had a limited number of contractors to work with. i had a few years to serve on the state practitioners for title one when those regulations were being developed, when the plan for notre left behind was developed in the state. most of the people in the committee, to my benefit, were title one directors. so i learned a lot about how districts do it. i have to frankly say there are people there who were concerned that we were limiting the number of providers in a way that may be was not allowable. but there was a lot of discussion that there were a lot of less than effective providers in the state, on the state list. the committee was instrumental in having some kind of allowable, under the federal government regulations, evaluations.
the pattern -- there was a huge list of providers. the quality of the services was enormously variable from the people who were reported by title 1 directors to take the money and never provide any service for kids, which was apparently allowable under those regulations, to the people that we on the time were pretty much only contract in with, so widely recognized organizations. princeton review, etc.. these contracts here, and also the administratively approved ones, i saw, had a response numbers. one provider with for students
or three students -- four students or three students. we at the budget committee said we would ask the curriculum committee to take this up, but i really want the board to be involved in a discussion about the process that we are now using, how we assess the effectiveness, how week -- for instance, one of the things i learned at the committee, years ago, was that there was a pop -- and i should say at least that there is a lot of -- you know, these are services many school districts did not think for a very effective way to spend these federal dollars to help students. it was a process or an opportunity that was presumed to, or known to, largely be the result of lobbying by private providers to the federal government when no child left behind was passed.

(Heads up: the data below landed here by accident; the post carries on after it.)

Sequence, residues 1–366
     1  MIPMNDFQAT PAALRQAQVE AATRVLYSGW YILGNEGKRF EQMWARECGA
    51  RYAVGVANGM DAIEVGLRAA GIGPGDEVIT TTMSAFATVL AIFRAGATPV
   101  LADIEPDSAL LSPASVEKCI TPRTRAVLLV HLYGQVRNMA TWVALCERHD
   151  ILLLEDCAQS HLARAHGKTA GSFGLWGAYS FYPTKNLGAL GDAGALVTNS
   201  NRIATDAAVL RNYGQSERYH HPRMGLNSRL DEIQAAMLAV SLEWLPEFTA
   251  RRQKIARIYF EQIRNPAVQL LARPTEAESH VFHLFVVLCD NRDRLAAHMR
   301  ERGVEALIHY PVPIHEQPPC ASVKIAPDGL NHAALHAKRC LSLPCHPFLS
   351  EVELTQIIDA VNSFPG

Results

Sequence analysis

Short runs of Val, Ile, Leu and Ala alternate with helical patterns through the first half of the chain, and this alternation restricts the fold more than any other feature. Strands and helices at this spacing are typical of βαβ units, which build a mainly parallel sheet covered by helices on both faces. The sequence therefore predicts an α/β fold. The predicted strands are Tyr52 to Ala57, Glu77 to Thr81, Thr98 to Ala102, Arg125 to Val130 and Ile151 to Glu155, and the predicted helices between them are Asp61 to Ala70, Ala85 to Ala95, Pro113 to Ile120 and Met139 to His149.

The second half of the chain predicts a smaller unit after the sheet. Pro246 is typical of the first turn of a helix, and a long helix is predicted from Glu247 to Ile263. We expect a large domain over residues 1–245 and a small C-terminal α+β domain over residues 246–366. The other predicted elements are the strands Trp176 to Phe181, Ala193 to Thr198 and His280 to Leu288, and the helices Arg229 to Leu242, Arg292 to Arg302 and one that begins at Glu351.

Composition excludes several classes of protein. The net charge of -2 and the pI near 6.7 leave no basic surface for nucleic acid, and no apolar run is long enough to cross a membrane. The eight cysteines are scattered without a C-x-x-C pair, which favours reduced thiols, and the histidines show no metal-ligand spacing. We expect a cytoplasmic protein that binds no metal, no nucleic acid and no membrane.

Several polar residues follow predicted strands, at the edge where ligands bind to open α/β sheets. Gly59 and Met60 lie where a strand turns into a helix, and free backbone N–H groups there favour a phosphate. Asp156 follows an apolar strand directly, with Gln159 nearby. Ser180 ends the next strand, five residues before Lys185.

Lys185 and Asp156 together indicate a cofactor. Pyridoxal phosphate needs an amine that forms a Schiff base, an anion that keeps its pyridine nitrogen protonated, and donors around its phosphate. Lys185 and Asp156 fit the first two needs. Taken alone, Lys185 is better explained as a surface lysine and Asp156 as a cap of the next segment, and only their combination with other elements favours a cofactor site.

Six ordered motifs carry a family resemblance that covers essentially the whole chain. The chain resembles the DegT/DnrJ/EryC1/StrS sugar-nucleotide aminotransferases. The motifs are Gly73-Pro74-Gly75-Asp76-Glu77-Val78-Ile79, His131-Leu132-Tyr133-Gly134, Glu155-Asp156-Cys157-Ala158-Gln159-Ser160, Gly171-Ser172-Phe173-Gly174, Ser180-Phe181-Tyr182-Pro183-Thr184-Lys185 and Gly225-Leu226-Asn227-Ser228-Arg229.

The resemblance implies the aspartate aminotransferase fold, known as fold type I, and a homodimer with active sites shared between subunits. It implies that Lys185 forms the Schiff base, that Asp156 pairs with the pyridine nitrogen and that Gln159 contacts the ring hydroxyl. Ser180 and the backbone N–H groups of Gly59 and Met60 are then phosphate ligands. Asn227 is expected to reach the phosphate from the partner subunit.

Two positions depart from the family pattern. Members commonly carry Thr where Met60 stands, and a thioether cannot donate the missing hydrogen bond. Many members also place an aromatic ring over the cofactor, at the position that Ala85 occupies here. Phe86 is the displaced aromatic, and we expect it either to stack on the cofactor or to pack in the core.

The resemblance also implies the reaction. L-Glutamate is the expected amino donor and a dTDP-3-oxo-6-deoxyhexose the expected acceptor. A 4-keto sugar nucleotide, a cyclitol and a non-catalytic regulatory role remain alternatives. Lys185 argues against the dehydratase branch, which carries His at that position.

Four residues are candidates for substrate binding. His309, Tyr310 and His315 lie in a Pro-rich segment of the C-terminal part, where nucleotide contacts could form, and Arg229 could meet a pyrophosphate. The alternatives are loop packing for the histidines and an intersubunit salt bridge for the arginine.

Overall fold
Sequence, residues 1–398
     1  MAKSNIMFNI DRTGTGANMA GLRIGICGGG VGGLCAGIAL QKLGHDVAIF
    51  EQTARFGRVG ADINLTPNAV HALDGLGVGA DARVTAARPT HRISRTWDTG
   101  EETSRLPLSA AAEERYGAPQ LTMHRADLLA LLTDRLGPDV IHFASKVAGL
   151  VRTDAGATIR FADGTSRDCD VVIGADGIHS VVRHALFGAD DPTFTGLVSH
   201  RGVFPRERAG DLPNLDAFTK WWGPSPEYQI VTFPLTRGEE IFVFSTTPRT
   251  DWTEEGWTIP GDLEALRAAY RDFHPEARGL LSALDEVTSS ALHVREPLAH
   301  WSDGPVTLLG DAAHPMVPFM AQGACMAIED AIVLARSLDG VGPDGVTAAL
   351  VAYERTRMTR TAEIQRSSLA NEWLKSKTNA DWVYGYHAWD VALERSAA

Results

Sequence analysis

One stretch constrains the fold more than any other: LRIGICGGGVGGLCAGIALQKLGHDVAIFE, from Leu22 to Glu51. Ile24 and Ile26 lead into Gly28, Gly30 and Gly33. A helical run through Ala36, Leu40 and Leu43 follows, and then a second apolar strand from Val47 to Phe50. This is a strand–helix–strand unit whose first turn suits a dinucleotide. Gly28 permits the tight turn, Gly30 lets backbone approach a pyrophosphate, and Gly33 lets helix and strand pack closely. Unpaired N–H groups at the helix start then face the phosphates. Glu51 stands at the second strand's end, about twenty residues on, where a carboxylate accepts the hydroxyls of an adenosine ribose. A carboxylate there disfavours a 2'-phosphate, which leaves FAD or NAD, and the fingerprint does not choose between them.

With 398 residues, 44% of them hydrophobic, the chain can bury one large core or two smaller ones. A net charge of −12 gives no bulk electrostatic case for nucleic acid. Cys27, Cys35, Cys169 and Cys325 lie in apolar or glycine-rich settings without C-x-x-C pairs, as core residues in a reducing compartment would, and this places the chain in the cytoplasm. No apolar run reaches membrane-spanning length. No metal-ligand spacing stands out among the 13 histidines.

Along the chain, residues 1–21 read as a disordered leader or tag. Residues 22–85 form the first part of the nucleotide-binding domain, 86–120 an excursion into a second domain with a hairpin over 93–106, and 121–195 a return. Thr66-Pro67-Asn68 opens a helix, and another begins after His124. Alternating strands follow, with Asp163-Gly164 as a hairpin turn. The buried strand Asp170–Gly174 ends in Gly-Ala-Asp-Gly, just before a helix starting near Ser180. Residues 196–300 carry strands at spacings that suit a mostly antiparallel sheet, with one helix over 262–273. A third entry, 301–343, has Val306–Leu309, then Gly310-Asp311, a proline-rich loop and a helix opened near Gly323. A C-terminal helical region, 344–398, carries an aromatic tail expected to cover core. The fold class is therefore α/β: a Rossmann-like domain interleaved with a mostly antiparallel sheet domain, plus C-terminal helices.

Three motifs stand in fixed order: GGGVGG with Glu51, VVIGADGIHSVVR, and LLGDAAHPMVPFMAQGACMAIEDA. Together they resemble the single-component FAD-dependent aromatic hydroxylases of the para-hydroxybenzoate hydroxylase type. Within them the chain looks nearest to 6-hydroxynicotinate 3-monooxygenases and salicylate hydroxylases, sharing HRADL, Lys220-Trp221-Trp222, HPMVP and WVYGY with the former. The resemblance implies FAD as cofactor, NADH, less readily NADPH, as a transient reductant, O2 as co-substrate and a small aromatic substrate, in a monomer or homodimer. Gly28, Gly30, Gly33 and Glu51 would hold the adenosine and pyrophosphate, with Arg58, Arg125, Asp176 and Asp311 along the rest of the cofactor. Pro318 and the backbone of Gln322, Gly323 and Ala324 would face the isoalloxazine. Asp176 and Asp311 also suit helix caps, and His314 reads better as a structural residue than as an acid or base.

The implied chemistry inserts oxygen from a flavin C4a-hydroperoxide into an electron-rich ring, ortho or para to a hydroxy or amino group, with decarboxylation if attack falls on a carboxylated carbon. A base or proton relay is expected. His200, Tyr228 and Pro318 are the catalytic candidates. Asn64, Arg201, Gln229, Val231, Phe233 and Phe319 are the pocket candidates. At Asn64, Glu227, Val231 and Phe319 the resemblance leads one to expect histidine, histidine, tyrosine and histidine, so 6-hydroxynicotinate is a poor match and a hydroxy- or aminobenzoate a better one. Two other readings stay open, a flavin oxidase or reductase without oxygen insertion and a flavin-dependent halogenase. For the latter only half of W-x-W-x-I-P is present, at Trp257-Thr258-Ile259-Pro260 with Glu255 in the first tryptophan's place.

we were setting up some rules for our own providers and our own schools that seemed logical to me. we asked that services have to be provided at the school site. many other districts were prohibiting providing days of the school site. we thought there was an opportunity to have alignment between these tutoring students as -- is to trim services and instruction at the schools. we thought that limit to the number of providers -- at the time, we used a process that was take all the students that are eligible at a certain school, ask their parents to vote, and then have one provider at their school. we would not have four people being tutored by this service and six by this service. have we changed that? do we think it is better this way? do we think it is effective? do we look at effectiveness? have we had interaction with the state department or other regulators about how we do it?